Protecting our pets from ticks and fleas
*This post is sponsored by No Bite is Right and the BlogPaws® Pet Influencer Network TM. I am being compensated to help create awareness about Summer Safety and Protecting Pets against fleas and ticks
but we only share information we feel is relevant to our readers. The blogger is responsible for the contents and not the sponsors mentioned above.*
We know all about them in this house. And, we know the effects that a tick bite can have.
Although they caught the disease in its early stages, he still suffers from fatigue and joint pain. We’re not sure if this will ever fully go away.
Lyme is a borreliosis caused by borrelia bacteria, which commonly infects woodland animals like mice or deer. Ticks pick up the bacteria by biting infected animals, and then pass it on to their human hosts.
The No Bite is Right™ campaign is working hard to educate pet owners about the importance of flea and tick prevention.
Fleas and ticks are a rising concern across Canada and can spread many different harmful diseases.
According to Canadian researchers, tick populations have grown 10 times over in the past two decades within Canada
Researchers also estimate that if you draw a line marking tick territory across Canada, that line moves 45 km farther north every year.
There are a variety of different types of fleas and ticks that can bite your pet and spread many types of diseases, some of them very serious and life threatening.
Lyme disease is one of the most well-known diseases transmitted by ticks.
When infection leads to disease in dogs, they become lame because of inflammation of the joints. There may also be a lack of appetite and depression. More serious complications include damage to the kidneys, and rarely, heart or nervous system disease.
This is scary stuff. Our family is living the first-hand effects of a tick bite.
According to a recent survey of Canadian pet owners, their #1 concern is avoiding the BITE. People want protection for their pets.
According to the Centre for Disease Control and Prevention, although dogs and cats can get Lyme disease, there is no evidence that they spread the disease directly to their owners. However, pets can bring infected ticks into your home or yard. Consider protecting your pet, and possibly yourself, through the use of tick control products for animals.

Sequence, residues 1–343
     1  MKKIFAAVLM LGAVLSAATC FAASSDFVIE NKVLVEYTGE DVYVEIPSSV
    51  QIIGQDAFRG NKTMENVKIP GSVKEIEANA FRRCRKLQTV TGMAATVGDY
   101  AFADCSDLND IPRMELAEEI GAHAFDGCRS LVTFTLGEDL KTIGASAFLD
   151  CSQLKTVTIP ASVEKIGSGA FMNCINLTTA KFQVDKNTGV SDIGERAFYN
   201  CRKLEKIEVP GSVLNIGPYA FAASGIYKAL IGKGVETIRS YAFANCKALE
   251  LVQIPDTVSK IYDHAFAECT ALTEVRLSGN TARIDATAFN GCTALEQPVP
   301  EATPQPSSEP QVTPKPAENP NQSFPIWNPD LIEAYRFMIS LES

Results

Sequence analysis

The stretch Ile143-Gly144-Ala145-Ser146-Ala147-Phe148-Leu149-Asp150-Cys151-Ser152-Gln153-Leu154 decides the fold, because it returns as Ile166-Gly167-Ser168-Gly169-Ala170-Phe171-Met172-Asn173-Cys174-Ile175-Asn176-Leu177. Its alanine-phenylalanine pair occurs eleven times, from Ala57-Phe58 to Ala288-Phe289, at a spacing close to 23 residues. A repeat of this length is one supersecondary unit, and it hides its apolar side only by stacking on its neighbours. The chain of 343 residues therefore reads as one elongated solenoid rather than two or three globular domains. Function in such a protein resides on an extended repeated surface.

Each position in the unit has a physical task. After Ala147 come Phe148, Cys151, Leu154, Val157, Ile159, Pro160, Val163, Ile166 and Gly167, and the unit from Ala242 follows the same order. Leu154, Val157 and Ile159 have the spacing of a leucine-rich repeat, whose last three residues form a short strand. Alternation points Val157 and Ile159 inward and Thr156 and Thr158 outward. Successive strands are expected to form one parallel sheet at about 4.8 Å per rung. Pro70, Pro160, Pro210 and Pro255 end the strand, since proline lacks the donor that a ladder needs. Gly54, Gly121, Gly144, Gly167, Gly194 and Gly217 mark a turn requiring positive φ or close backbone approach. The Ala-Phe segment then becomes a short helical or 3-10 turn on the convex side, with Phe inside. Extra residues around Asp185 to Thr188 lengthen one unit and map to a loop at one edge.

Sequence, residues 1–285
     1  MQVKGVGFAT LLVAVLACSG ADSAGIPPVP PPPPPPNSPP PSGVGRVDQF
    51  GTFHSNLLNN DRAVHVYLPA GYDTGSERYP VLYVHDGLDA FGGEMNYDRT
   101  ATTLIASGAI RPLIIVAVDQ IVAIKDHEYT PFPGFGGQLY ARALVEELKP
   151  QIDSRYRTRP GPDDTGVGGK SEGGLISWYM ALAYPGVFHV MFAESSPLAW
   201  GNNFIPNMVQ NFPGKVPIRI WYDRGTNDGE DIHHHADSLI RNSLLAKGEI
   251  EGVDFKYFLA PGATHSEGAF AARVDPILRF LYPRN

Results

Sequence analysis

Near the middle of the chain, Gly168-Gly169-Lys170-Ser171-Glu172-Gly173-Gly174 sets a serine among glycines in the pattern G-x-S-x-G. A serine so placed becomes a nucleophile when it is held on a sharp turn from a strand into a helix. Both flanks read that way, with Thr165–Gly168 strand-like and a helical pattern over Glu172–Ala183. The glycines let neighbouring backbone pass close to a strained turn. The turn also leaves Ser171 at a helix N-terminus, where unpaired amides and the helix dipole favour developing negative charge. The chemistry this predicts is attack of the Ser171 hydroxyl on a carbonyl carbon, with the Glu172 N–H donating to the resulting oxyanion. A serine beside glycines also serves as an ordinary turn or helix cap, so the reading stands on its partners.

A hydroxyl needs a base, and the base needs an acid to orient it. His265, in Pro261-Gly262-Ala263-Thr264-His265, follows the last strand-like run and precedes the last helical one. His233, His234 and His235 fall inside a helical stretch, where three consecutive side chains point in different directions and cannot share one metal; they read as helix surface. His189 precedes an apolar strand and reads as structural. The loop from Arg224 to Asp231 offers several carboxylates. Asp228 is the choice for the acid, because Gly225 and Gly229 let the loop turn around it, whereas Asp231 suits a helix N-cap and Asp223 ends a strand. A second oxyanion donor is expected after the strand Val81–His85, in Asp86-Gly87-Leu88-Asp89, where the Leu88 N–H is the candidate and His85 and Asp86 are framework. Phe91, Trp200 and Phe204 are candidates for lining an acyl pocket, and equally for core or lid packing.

A few things you should know about treatments:
However, with non-systemic products, when the pest lands on the pet, it becomes uncoordinated, allowing time for the medication to kill the flea or tick. These products greatly reduce the ability of fleas and ticks to bite, attach and feed from your pet, thereby reducing the chance of disease transmission.
The clock is ticking… flea and tick season is around the corner.
Ticks love milder weather, so we typically see an increase in flea and tick bites during the spring and the fall.
With milder winters, like the one we just had, flea and tick seasons are extended longer than normal, so pet owners need to be more aware of proactive measures.
Fleas can live up to 100 days and can lay up to 50 eggs a day and a single flea could bite up to 400 times per day.
Dogs can be allergic to flea saliva and can result in bald spots from scratching and chewing their fur.
Fleas don’t just cause itching, discomfort and open sores from flea allergy dermatitis, they can also be a source of tapeworms, and cause anemia and household infestations.
Pet owners are concerned about their pets suffering from flea bites and the inconvenience and impact on their home and family.
No one wants to have to deal with this, let alone your pet!
Speak with your vet about what flea and tick treatment is best for your pet. Ask about how to reduce the chance of your pet even being bitten.
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This is a sponsored conversation written by me on behalf of Bayer, Inc. The opinions and text are all mine.